Water Rich and Water Poor – A Tale About Israel and Tanzania

tanzania water israel cooperation photo

Israel is very small country, as compared to most African countries, such as Tanzania.

Yet despite this vast land difference (Israel has a land area of 8,019 sq miles compared to Tanzania’s 364,900 sq miles) Israel has been able to utilize 95% of its renewable water resources, estimated at 1,800 million cubic meters, and grow a significant part of it’s own food.

Tanzania has significantly more fresh water resources available, including more than half of Lake Victoria, Africa’s largest fresh water lake; Lake Tanganyika, and part of Lake Nyasa (otherwise known as Lake Malawi).

Yet despite this, Tanzania has a chronic food shortage due to a severe water shortage problem, and millions of children suffering from various physical ailments attributed to malnutrition. Can Israel help them?

A recent newspaper article appearing in The Citizen, Tanzania’s most prominent English language newspaper, noted the achievements on water resource development and conservation in Israel, as compared to that in its own country.

Compared to Tanzania, Israel’s natural sources for fresh water include the Kinneret Lake or Sea of Galilee, The Carmel Mountain Aquifer, and the Coastal Plain Aquifer. Some fresh water is also taken from mountains in the West Bank, but in more limited quantities.

The most promising source of fresh water is now said to be coming from the construction of desalination plants in Israel, a large one already completed by the southern city of Ashkelon, and mentioned previously in previous Green Prophet articles, and another one being constructed near Hadera: up to 100 M3 a year and is said to be the world’s largest reverse osmosis RO technology plant of its kind in the world.

And most noteworthy, Israel’s 7.4 million population enjoys a much higher standard of living than Tanzania’s population of 34 million, most of whom get by with an annual income of less than $600.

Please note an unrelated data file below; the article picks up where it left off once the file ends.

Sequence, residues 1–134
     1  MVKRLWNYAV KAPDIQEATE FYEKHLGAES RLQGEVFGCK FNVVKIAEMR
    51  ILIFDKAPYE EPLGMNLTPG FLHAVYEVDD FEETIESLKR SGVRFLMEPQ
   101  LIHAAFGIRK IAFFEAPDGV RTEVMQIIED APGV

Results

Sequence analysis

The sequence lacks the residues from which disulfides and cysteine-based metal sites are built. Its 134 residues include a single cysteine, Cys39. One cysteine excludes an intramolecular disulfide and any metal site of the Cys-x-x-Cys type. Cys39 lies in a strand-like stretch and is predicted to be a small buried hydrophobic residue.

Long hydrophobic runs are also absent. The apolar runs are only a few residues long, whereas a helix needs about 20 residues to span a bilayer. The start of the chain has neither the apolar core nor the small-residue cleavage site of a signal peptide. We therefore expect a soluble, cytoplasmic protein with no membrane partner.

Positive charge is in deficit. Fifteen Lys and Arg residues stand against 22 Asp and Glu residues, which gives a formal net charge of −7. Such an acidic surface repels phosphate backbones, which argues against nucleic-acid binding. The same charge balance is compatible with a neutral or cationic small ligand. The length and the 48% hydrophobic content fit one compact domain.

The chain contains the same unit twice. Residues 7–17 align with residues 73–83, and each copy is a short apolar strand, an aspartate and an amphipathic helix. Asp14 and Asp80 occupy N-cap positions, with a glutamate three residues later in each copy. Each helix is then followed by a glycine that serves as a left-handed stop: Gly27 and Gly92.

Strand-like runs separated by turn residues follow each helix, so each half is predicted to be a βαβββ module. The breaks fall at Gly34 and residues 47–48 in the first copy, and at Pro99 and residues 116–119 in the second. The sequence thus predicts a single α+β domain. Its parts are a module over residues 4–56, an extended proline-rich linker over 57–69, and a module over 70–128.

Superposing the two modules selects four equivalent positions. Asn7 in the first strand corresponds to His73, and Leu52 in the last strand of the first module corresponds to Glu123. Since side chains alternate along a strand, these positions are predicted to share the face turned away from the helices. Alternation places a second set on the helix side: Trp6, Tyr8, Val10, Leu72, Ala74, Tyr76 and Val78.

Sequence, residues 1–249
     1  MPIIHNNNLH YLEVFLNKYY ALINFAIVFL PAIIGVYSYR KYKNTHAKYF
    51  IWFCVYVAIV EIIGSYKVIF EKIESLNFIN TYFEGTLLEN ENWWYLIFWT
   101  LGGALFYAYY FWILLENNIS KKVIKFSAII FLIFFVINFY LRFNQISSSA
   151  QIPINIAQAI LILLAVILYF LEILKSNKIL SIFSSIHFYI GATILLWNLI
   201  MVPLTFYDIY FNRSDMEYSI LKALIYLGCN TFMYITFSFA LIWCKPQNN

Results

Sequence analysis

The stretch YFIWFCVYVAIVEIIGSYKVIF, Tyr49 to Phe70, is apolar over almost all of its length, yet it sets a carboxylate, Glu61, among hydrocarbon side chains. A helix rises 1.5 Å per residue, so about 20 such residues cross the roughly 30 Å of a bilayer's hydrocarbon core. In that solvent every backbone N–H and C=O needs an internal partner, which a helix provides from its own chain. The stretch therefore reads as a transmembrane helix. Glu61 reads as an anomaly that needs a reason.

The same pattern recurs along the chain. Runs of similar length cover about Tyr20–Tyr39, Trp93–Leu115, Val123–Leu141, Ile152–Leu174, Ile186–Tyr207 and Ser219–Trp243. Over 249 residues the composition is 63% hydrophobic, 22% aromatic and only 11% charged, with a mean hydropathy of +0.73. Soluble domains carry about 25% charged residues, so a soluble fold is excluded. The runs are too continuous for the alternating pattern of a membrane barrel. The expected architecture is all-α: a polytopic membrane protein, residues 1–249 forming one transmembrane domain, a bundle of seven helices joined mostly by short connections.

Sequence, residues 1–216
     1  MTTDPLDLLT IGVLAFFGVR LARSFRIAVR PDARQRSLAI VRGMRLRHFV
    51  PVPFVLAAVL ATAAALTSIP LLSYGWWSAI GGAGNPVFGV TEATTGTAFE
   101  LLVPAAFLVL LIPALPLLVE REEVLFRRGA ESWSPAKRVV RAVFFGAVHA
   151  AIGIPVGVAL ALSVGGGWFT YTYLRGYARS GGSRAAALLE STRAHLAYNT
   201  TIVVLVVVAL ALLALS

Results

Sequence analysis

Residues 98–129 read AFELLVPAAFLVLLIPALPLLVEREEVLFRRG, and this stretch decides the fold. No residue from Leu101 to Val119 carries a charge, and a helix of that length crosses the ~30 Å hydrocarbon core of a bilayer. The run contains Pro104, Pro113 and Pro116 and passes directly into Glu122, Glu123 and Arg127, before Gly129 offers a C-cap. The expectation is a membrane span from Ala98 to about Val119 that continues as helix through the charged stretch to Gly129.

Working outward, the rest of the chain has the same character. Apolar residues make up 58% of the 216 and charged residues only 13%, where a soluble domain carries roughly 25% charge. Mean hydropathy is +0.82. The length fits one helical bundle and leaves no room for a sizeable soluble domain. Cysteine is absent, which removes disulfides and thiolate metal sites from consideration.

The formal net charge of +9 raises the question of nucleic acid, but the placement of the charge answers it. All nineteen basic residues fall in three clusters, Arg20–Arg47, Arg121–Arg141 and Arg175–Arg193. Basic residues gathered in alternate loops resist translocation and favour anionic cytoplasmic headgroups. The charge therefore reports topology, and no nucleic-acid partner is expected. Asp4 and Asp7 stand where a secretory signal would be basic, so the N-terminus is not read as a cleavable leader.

The situation in Tanzania may begin to change for the better, however, as more closer cooperation is being planned between the two countries in regards to agriculture and water conservation.

Tanzanian water and Irrigation Minister, Prof. Mark Mwandosya, is planning to attend the 2009 international Water Technologies and environmental Control Exhibition (WATEC) conference in Israel in order to obtain ideas for water and energy efficiency, water quality, desalination, and water supply. Green Prophet plans on being at WATEC a great place to learn about Israeli water innovation, so drop us a line if you’d like to network or promote your company ([email protected]).

Israel is already a leader in these fields that Tanzania is interested in developing, and Rotem Industrial Park near Dimona has a wealth of agricultural and energy research projects going on which can be of great benefit to people in Tanzania and in other parts of the world.

Food shortages, such as those presently in Tanzania, where an annual population growth rate of 2.07% is contrasted to an annual food production rate of only 2.4%, might well be aided by using Israel’s example, where food shortages are solved by using innovations in agriculture.

Examples Israel of water management and innovation  include the NEWtech program or Novel Efficient Water Technologies in which the success of recycling waste water has been very successful, with up to 75% of wastewater being decontaminated and purified enough to be used to agriculture and other use. You can read a teaser on NEWtech here on Green Prophet.

[image via dvids]

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